Letters To The Editor
Letters to the editor: Oppose treaty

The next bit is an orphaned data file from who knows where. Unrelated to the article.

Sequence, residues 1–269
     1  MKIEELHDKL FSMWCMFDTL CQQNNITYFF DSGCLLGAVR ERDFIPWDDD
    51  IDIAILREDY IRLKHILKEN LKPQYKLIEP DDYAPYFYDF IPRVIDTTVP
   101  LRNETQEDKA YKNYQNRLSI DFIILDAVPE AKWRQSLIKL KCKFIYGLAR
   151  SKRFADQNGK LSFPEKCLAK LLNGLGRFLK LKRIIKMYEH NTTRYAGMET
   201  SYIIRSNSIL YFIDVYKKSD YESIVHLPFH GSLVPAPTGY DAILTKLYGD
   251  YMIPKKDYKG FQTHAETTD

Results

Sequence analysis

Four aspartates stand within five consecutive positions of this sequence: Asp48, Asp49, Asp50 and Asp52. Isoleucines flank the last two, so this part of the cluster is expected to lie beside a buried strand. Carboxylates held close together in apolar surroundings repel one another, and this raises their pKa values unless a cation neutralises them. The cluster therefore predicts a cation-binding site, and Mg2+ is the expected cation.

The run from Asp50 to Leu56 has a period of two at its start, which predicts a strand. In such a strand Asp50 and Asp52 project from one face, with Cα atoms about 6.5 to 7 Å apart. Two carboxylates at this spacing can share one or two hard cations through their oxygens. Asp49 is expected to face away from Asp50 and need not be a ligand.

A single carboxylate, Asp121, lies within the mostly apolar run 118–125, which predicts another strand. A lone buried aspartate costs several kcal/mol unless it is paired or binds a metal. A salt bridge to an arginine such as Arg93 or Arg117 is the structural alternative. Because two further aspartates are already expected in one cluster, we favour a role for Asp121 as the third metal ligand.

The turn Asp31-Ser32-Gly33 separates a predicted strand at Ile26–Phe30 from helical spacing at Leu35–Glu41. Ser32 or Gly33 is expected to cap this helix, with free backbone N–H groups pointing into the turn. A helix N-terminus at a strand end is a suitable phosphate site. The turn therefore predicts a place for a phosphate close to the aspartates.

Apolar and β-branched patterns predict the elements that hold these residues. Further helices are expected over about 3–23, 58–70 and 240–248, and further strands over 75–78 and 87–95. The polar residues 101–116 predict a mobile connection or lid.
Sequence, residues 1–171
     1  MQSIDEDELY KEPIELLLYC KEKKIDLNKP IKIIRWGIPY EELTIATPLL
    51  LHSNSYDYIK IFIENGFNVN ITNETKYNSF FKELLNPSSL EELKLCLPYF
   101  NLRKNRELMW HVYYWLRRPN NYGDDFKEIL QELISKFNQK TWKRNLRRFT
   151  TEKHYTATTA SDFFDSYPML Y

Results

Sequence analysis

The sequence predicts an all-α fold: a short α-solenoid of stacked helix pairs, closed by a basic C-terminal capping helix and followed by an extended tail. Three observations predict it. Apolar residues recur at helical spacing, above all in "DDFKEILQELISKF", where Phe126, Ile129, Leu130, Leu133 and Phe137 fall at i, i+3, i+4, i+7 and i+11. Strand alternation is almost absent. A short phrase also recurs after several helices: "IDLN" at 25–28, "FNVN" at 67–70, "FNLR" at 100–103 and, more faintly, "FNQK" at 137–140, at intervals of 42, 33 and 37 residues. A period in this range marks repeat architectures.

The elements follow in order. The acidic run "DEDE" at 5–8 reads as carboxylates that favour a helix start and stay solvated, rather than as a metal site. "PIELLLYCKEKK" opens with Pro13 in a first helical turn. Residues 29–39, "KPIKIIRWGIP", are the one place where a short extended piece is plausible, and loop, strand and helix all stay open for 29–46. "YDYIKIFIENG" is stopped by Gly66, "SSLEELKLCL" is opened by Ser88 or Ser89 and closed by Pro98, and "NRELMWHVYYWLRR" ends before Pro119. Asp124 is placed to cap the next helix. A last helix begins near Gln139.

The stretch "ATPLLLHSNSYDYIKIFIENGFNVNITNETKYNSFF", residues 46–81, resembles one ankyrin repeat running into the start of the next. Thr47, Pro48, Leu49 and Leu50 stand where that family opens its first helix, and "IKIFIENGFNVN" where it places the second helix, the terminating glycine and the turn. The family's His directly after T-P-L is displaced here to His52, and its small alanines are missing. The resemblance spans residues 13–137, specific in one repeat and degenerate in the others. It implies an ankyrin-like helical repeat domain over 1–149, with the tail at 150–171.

Oppose treaty My parents were born deaf, and my son could be qualified as having a disability. I understand their struggles. But the United Nations Convention on the Rights of Persons with Disabilities (CRPD) would do much more harm than good. Proponents intend to ratify it in July. This treaty never states a definition of "disability," so the bureaucrats decide who falls under this treaty. Also, this treaty makes any form of spanking illegal for any child (not just those with disabilities). Countries under a similar treaty, the UN Convention on the Rights of the Child (CRC), have given fines and or one to two years in jail for any form of spanking. Also, proponents state this treaty would not be binding on us and that children in other nations would be helped if we ratify. But this treaty would be binding, and our ratification has no effect on children in other countries per the Vienna Convention articles 26 and 2.Most importantly, the "best interest of the child" principle would allow the government to override every decision made by every parent of a child with a "disability" if a government worker disagreed with the parent's decision. The parent's decision about the child's best interest in all areas, such as medical treatment, education and social and religious participation, are all superseded by those in authority who have a differing idea of your child's best interest. Scotland, under the CRC, proposes to assign a social worker to monitor every child from birth, and many countries under the CRC outlawed home-schooling, which could be adopted here for disabled children under the CRPD. Please call your senators to ask them to vote against the CRPD. See Parentalrights.org for more information. Margie Parajon Valrico Insurance 'victim' Two years ago my national homeowners insurance company canceled me after 15 years with no claims, and I had to go with Citizens Property Insurance. About two weeks ago, I received letters from Citizens and Heritage Insurance. I was told that Citizens was offering my policy to Heritage. The Heritage letter stated they were willing to take my policy from Citizens. They gave me until June 23 to decide. If they didn't hear from me by then, they would automatically assume my policy. They also stated that if I didn't allow them to assume my policy, I may be subject to a 45 percent assessment in the event of a catastrophic storm. And they didn't tell me what they would be charging me. My agent said there was no way to find out. In researching Heritage Insurance, I found that they have been in business about a year and are being given $51 million by the state of Florida to assume some of Citizens' policies. I don't believe they have the assets to cover damages from a large storm. What will happen to us little guys should they go bankrupt? And they gave Gov. Rick Scott a $110,000 campaign donation, which is profoundly disturbing. I feel like a victim. I am being bullied by the very people who were elected to look after my best interests. What recourse do I have? Fern Williams Zephyrhills Draft pros and cons Regarding recent letters about reinstating the draft: One reason why the draft was so unpopular in the Vietnam War era was because it was less than fair. Rich and even moderately well-off students received deferments while attending college, while those who could not afford college would register and within six months be in service. Some joined voluntarily, enlisting in the Air Force, Navy or Coast Guard, which, even then, were "all-volunteer" services. Those drafted were inducted into either the Army or Marines. Even the advent of the "draft lottery" did not change things very much, other than to let everyone draft-eligible know their probability of being called up. But the draft did have its benefits. Across all services, the basic training/boot camp sergeants yelled at everybody and didn't much care if you were rich, poor, black, white or purple, with pink polka-dots. You learned to work together as a team, and to quickly heed instructions and obey orders. And, for many, it was a massive culture shock, with shared misery for eight weeks to 12 weeks. That being said, if there were a way to administer the draft without regard for social status or gender, to limit deferments to a total of seven years, and to require two years of service from all mentally and physically able persons between the ages of 18 and 35, without exception, then I would favor the draft's return. Those who have conscientious or religious objections to bearing arms could be trained as medics or chaplains' assistants or, as an alternative, spend four years in the Peace Corps. And while the military is often looked upon as an entity whose main purpose is "to kill people and break things," it is much more. Each service has numerous jobs in combat support fields, such as personnel, finance, journalism (both print and electronic) and mechanics. Look no further than MacDill Air Force Base, a city in itself. And uniformed military run or supervise it all. Kenneth R. Gilder St. Petersburg The writer is a retired Army broadcaster who served with the American Forces Radio and Television Service (now called AFN) in Korea, Germany, Vietnam, the Canal Zone and Thailand.
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